POLISH KONIK HORSE
Sometimes called Konik polski in Poland, and the Polish Pony
elsewhere; the Polish Konik is a pony used for riding and
draft in Poland. They are usually mouse gray colored with
a stripe on the dorsal.
PONY OF THE AMERICAS
In 1954, a pony was developed intended to have good appearance,
speed and fulfill a need for small riders who were too big
for a pony but too small for a full sized horse. The Pony
of the Americas is growing in popularity and is a distinctive
member of the pony breeds. They have color similarities to
the Appaloosa Horse. The Pony of Americas is athletic and
can jump, move quickly, and is known for intelligence and
Pony of the Americas breed have refined heads and Arab-like
noses. Their eyes are expressive and they have full bodies
with sloping shoulders. They are versatile and can perform
a wide variety of tasks. They appear to be small horses.
A Pony of the Americas eyes look like a human eye, and they
have iris's encircled with white. Their skin has irregular
black and white spots, and their hooves are striped. Their
coat patterns vary widely, and all have spots that are shaped
like eggs. The size of the spots can be anywhere from a speck
to a spot that is four inches or more in diameter. POA's are
between 46 and 56" at the withers.
Fifteen years after ponies were born of the stallion "Black
Hand #1" and sired by a shetland from an Appaloosa mare, the
Pony of the Americas registry contained over 12,000 registered
horses that were the offspring of that breeding.
An ancient breed from small horses that are found in Spain
and France, the Pottok were once considered a wild horse breed.
Now, Pottok horses are domesticated and have owners.
Pottok horses are tough and have high levels of endurance.
At one time, the breed was used for pack animals and to help
work in the mines, but since the 1970's they became used for
riding and for children's mounts because of their extremely
Pottok's make good harness animals, and can be put in shows
as a dressage mount. In 1983, there was a purebred Pottok
called Kuzko who become a champion in the combined show jumping
and dressage category.
The Mongolian Wild Horse, or the Przewalski as the breed
is called, is one of the last remaining wild horse species.
Other wild horses have been domesticated or have been descended
from domesticated horses. Until about 1990 or so, the Przewalski
breed of horses were extinct in the wild as they were exterminated
by hunters. The Przewalski Foundation in the Netherlands and
breeding preserves in the Ukraine combined to reintroduce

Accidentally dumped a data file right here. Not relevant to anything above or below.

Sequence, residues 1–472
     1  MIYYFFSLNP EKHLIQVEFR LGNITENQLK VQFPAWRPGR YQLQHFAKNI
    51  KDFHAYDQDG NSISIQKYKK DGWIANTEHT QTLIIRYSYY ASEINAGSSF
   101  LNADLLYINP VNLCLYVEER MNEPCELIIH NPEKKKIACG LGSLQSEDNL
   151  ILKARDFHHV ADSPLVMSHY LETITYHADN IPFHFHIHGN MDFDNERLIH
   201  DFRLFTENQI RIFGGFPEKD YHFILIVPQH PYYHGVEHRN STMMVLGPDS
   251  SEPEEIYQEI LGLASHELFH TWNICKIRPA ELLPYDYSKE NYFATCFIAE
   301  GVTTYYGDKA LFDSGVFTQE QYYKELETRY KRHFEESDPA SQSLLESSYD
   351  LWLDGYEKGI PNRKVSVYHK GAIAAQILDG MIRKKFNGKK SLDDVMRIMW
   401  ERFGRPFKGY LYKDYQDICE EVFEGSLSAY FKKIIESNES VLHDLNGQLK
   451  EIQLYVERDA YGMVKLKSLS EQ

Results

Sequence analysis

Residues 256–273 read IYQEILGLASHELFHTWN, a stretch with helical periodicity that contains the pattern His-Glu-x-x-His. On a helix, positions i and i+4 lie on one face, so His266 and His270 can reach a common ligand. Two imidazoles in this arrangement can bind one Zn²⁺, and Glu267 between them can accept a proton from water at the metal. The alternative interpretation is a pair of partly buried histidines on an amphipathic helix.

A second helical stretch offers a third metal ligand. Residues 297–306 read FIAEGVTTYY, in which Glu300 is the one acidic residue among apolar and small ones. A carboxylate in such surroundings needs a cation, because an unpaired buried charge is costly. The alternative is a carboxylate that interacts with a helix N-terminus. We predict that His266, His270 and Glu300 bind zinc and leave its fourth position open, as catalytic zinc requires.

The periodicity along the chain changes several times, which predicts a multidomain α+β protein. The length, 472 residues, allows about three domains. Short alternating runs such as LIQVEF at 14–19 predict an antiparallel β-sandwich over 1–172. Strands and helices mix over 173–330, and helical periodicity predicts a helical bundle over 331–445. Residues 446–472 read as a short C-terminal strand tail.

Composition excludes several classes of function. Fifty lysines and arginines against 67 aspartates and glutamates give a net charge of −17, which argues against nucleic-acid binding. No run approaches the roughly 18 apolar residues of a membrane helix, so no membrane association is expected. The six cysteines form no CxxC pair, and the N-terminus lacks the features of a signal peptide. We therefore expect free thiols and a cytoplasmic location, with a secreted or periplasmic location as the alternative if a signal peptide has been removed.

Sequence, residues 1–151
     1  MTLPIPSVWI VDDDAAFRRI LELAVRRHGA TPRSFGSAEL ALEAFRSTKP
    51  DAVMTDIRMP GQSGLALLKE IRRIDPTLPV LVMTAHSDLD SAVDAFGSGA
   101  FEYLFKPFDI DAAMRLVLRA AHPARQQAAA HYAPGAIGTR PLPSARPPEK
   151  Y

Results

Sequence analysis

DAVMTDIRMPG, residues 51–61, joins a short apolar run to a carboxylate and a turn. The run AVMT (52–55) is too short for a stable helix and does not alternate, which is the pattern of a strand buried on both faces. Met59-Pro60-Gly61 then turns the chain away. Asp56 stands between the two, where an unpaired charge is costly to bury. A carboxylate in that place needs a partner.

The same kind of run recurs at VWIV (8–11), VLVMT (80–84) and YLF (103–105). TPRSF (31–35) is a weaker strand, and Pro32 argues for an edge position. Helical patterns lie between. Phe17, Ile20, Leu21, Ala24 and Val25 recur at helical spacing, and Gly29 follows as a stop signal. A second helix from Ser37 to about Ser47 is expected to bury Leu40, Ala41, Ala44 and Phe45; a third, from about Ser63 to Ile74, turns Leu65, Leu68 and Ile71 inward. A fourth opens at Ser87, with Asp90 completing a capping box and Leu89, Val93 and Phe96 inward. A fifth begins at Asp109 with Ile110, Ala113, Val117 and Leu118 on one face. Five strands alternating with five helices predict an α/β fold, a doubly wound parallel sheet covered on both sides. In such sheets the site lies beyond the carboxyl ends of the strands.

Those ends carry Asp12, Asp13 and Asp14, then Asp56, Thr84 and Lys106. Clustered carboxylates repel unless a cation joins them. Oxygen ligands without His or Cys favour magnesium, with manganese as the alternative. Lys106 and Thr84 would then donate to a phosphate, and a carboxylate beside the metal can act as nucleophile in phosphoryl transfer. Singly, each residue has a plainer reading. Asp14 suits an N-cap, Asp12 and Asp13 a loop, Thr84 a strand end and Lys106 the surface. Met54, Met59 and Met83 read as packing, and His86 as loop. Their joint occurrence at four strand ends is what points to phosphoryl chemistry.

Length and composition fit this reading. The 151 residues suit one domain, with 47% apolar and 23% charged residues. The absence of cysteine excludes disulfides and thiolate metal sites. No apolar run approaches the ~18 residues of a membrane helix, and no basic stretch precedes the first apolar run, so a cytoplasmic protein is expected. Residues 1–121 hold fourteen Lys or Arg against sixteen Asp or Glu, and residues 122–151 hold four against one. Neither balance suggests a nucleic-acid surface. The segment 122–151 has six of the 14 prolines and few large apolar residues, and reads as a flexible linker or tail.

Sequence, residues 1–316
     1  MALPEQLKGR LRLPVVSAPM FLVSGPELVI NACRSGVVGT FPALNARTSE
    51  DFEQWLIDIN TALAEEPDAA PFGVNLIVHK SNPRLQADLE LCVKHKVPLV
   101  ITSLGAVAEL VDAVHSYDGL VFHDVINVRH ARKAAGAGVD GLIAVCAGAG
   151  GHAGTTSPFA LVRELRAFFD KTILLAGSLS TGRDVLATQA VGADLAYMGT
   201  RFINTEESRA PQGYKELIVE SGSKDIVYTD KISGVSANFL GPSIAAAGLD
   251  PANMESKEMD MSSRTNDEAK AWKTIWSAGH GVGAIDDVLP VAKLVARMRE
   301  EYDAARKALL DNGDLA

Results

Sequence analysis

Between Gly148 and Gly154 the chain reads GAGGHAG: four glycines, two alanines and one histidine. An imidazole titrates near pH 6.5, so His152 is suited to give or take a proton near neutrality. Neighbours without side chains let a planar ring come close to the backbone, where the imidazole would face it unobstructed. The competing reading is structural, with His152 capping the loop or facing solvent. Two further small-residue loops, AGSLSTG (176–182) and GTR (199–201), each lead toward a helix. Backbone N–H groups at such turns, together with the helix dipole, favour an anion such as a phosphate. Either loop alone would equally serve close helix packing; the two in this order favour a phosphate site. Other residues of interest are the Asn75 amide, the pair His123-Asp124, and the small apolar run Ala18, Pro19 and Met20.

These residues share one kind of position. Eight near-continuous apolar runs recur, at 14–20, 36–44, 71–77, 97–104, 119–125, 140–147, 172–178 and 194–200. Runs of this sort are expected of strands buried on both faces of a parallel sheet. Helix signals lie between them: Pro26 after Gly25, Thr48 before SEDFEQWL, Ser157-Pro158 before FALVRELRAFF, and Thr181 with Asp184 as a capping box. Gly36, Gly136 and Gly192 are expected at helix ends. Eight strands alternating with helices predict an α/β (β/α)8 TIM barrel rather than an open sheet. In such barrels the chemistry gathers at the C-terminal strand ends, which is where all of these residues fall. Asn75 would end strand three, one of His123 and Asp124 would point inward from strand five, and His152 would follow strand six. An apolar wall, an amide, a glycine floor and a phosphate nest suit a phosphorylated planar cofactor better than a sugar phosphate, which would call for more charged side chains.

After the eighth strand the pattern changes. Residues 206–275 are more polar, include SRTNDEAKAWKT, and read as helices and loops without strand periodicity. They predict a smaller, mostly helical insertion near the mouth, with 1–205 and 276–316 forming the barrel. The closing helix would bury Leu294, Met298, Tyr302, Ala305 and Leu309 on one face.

the horses to Mongolia.
The Przewalski breed was named after a man it is believed
discovered the horses, named Colonel Przewalski, in 1881.
There are many different stories about the first people to
discover Przewalski horses however, and no one is entirely
sure who was first.
A Przewalski horse is similar to domestic horses, but they
are smaller and their mane stands upright along their necks
and their tails are low set. Most of the breed are tan, dun,
sandy or reddish bay in color, and have a dorsal stripe and
The breed is very rare, and almost all of the remaining hundred
or so Przewalski horses live in zoos.
PYRENEAN TARPAN HORSE
A breed that takes on a different name depending on the country
they're in, the Pyrenean Tarpan is part of the Konink breed
type and the result of an attempt to preserve the purity of
this type of horse. In Poland, they are called Pottok; in
France they were called Navarre Pony, and in Spain they are
Asturian, while in Portugal they are known as Garrano. The
breeds are regional but very similar genetically.
When the ice age occurred, the change in the environment
caused the horses to become brown and black to help them avoid
predators. Baby horses of the Pyrenean Tarpan breed have the
original tarpan coloration for their first three months of
As the population of humans increased, the wild ponies were
forced into the mountains. Before 1950, it was very difficult
to find the Pyrenean Tarpan horse but since 1970, people have
been keeping the Pyrenean Tarpans with tehir Welsh, Shetland,
Arabians, Spanish and Breton horses.
starting in 1990, groups and organizations studying the Pyrenean
Tarpan have been working to conserve the remaining members
of the breed. They released horses into various areas of the
wild mountains to avoid inbreeding.
About the Author
Phillipe Wiskell is a writer for HorseClicks.com, popular
classifieds of horses